• Possible explanation: at the level of a mesocircuit (meso meaning "intermediate scale"?), we could model parts of the brain (frontal, striatum, GP — globus pallidus, central thalamus, parietal/occipital/temporal cortex) and their interactions in terms of excitation and inhibition. One inhibits another, that inhibits a third one.
  • Medicines working on the dopamine system often have effect with brain injured patients.
  • Zolpidem affects GABA A receptor, inhibiting something (GP?) that was no longer being inhibited (as it's normally supposed to have been) following injury.
  • Deep brain stimulation of the central thalamus has a significant positive effect for a patient. It seems that the reasons for this are not known — it is a scientific observation.

Summary: if a brain injury doesn't appear to be major, but consciousness seems to be lost, perhaps some medicine can be used to inhibit or activate some area, which would work like turning on a switch in a system that is mostly structurally sound, but is not functioning because of a broken link in the excitation/inhibition chain. (My guess is: look at things that inhibit the thalamus. If the thalamus is injured, it's not good: the thalamus seems to be the most critical part of the brain for consciousness.) Especially central thalamus, according to Schiff.


Excerpts of explanations in response to a question which seems to be about the nature of consciousness:

"We view consciousness, primarily, as an expression of the cortico-thalamic system. Now, why does central thalamus play such a role? Well, it turns out to have a special anatomy. But it's only special with respect to how it helps to organise the cerebral dynamics of this entire structure. And, to some extent, it becomes replaceable."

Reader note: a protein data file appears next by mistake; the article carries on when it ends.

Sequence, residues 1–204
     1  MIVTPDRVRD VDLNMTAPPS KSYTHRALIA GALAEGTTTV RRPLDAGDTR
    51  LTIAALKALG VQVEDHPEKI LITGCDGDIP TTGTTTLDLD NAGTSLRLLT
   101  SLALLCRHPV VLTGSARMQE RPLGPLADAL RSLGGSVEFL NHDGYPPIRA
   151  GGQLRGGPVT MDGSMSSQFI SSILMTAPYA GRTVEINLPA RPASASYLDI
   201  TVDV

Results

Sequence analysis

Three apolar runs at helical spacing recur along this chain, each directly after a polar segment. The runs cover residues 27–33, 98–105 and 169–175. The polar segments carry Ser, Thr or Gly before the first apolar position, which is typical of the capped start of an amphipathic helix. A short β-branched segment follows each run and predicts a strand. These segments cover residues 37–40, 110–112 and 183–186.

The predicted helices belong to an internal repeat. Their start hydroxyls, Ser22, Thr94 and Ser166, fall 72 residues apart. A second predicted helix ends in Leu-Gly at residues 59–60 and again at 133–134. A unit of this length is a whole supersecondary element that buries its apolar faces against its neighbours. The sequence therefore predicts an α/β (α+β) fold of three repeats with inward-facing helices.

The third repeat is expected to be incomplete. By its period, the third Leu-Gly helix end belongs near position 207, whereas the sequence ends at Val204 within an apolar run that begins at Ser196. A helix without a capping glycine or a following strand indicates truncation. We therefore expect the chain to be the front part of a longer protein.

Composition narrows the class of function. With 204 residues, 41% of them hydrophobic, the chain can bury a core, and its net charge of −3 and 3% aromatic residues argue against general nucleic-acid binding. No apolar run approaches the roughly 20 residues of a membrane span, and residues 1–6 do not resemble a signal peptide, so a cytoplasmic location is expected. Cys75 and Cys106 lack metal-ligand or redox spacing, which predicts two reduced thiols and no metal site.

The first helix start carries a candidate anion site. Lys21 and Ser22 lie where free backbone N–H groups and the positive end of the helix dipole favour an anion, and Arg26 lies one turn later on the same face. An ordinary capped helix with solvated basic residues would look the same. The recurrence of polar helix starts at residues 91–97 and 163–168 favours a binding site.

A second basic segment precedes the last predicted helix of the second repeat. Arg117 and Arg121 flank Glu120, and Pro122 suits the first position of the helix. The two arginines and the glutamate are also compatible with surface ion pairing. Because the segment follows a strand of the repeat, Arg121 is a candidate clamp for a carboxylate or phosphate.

"... because of the geometry of its [central thalamus] connections. I would say I focus on the central thalamus not because it's going to explain consciousness to us, but it's practically a very economical choke point for manipulating states of consciousness and understanding some aspects of it."


Another question was about the precuneus (large region in the medial parietal area) and consciousness. There is a link: metabolism in that area is highly correlated with conscious state (as opposed to sleep). Off the top of my head, that area contains association centres, hence this is not surprising.


My question: is the thalamus the clock of the brain? Is it the heart of the brain, that sends timed pulses out to the whole neocortex, synchronising it in some way? What are those beta waves, associated with consciousness, at about 20 Hz? Neurosurgeons have electrodes implanted in patients with various conditions. Are there any close to, or in, the thalamus? What can we say about the neurons of the central thalamus? Do they all fire at the same time? Is there any pattern at all to their firing?

Reference

Understanding the Recovery of Consciousness video
Nicholas Schiff, Cornell
15 March 2010, at Stony Brook